Trainer training Oxford 2017
On 27 January 2017, Martin Poulter and Academic IT Services ran a session for IT trainers on how to run a Wikipedia editathon.
Background[edit | edit source]
An objective of the current Wikimedian In Residence placement at the University of Oxford is to accredit trainers and embed in the university the capacity to run Wikipedia events. This event involved trainers from IT services- seven attendees in total. None of them had edited Wikipedia before, so part of the session involved creating an account and making test edits in sandboxes. The bulk of the two-hour session was an active learning exercise in which participants, in pairs, had to research a question and report back to the group what they had found.
Feedback[edit | edit source]
I enjoyed this workshop.[edit | edit source]
3 5 4 4 4 4 4 Mean: 4.0
I learnt new things in this workshop.[edit | edit source]
3 4 5 5 5 5 4 Mean: 4.4
The pace was about right.[edit | edit source]
3 4 3 5 4 5 4 Mean: 4.0
I would recommend other people take a workshop like this.[edit | edit source]
3 4 4 4 4 5 4 Mean: 4.0
I am confident I could run or support Wikimedia events in future.[edit | edit source]
5 3 2 4 4 4 2 Mean: 3.4
What is the most surprising thing you learnt about in this workshop?[edit | edit source]
- The Talk function :)
- Listen to Wikipedia site - very impressive
- So many people are in the process of editing WP at any time
- The world around the entry pages. I've been missing so much.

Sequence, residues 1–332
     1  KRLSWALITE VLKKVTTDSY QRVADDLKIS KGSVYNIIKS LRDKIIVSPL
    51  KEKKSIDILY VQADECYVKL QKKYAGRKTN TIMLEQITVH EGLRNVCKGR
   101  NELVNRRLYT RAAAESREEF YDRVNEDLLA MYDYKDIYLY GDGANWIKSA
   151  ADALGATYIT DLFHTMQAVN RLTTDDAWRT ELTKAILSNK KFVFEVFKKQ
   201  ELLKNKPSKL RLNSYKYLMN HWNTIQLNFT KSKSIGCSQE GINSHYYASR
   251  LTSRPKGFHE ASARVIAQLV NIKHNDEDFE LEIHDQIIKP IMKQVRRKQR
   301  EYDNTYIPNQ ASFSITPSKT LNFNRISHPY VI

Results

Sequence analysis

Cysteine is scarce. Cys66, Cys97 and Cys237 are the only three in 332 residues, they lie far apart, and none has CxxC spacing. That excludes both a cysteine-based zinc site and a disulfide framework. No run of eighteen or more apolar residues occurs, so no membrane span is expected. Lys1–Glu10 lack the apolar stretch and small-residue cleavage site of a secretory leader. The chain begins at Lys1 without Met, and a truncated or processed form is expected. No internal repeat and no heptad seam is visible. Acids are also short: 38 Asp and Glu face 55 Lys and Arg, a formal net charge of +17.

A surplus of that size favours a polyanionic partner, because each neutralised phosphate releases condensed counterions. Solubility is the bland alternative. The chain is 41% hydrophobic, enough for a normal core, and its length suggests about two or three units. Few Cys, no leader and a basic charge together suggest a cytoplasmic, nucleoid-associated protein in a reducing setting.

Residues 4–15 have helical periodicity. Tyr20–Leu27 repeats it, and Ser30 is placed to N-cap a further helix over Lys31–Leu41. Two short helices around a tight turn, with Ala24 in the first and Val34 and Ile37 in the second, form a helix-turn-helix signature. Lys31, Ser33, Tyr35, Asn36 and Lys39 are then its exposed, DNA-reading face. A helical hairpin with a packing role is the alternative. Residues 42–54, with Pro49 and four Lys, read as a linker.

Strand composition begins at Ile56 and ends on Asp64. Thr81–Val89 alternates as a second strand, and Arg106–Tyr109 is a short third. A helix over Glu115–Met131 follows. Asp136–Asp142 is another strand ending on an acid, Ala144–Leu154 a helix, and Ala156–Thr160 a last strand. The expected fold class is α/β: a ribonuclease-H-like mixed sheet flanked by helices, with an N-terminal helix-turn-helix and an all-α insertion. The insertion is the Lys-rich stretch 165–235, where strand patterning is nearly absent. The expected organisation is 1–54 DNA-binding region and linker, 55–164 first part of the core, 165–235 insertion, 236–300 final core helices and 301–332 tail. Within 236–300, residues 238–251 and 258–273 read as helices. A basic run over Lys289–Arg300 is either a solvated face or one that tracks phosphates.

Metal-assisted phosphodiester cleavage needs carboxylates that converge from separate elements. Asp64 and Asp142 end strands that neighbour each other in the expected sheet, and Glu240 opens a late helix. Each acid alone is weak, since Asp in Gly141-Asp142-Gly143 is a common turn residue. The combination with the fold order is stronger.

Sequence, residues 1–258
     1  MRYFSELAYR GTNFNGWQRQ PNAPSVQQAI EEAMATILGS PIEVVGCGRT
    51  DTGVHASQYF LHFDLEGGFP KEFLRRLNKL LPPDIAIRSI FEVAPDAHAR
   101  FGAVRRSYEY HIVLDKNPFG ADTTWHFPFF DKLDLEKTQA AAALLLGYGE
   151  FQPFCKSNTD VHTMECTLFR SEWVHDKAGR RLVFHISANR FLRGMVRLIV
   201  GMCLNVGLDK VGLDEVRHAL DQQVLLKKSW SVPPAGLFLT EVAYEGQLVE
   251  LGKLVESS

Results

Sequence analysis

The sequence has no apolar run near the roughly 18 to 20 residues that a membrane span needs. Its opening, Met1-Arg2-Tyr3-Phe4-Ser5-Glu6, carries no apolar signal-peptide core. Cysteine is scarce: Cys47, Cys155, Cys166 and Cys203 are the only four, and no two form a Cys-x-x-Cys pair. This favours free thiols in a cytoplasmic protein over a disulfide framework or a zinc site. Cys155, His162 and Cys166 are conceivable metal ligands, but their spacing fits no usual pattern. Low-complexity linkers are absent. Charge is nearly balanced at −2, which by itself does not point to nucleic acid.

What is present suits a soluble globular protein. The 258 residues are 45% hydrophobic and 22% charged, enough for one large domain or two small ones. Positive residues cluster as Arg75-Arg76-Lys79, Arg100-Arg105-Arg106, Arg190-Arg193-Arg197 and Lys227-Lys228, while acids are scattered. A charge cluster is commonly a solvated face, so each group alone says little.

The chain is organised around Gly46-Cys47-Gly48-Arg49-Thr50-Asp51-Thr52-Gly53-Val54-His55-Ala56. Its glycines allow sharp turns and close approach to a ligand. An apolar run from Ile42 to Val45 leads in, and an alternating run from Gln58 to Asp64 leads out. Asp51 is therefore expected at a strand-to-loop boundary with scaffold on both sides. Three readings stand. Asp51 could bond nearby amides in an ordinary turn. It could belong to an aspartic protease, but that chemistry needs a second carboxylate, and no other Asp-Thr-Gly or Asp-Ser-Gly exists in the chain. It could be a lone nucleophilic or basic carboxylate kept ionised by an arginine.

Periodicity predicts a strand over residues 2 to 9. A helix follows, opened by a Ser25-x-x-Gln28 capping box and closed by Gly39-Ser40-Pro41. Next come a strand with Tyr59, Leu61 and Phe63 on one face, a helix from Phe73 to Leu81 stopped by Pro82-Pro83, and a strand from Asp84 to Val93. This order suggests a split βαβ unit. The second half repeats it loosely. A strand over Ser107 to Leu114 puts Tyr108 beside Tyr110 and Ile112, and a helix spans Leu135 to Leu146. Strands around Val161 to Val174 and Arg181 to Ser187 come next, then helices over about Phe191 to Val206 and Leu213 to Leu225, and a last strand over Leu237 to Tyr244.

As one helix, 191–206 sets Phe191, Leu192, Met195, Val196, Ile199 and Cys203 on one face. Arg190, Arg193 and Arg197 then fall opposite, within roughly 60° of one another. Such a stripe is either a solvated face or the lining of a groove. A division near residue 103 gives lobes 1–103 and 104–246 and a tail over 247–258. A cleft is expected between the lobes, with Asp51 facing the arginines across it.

- how easy it is to edit
- How easy it is to edit Wikipedia articles
Tell us at least one thing which would have improved this workshop for you[edit | edit source]
- Editing a real article
- Could make more of the pairs activity, interesting
- First hour excellent. Editing up to Sandbox also good. Lost a little focus near the end, but maybe we had covered the essentials.
- more attendees
- Perhaps 30 mins shorter
- [2 blank]
Any further comments to add - either positive or negative?[edit | edit source]
- Tasks good- however would be better to be clearer about looking up the code!
- Thanks Martin. I feel confident to take my first steps in a new and very interesting world.
- Really interesting session!
- [4 blank]
Reflections[edit | edit source]
- Realising that all the audiences were complete beginners to Wikipedia, I took the second half of the session in a different direction to anticipated: rather than go into a lot of detail about running and preparing for an editathon, I took them through the basics of Talk page messages and editing. I was thinking on my feet and this came through in a less confident presentation towards the end.
- My instructions for the interactive exercise were a bit cryptic and should have been spelled out explicitly. I checked verbally with each pair during the exercise, and so discovered the problem. The trainees actually made good use of my mistake by answering the question from more than one angle.
- I rushed through the exercise where I raise things that can go wrong and we discuss how to avoid them. It could have been cut down to focus the discussion, and more audience involvement, on a few specific points: maybe even handing over to pairs to discuss.
- As I've written about before in the context of the Jisc project, people in universities often just haven't looked "under the bonnet" of a Wikipedia article, at the Talk page, page history, page view statistics. When you show them those hidden features, it totally transforms their view of Wikipedia and makes them much more positive about the project.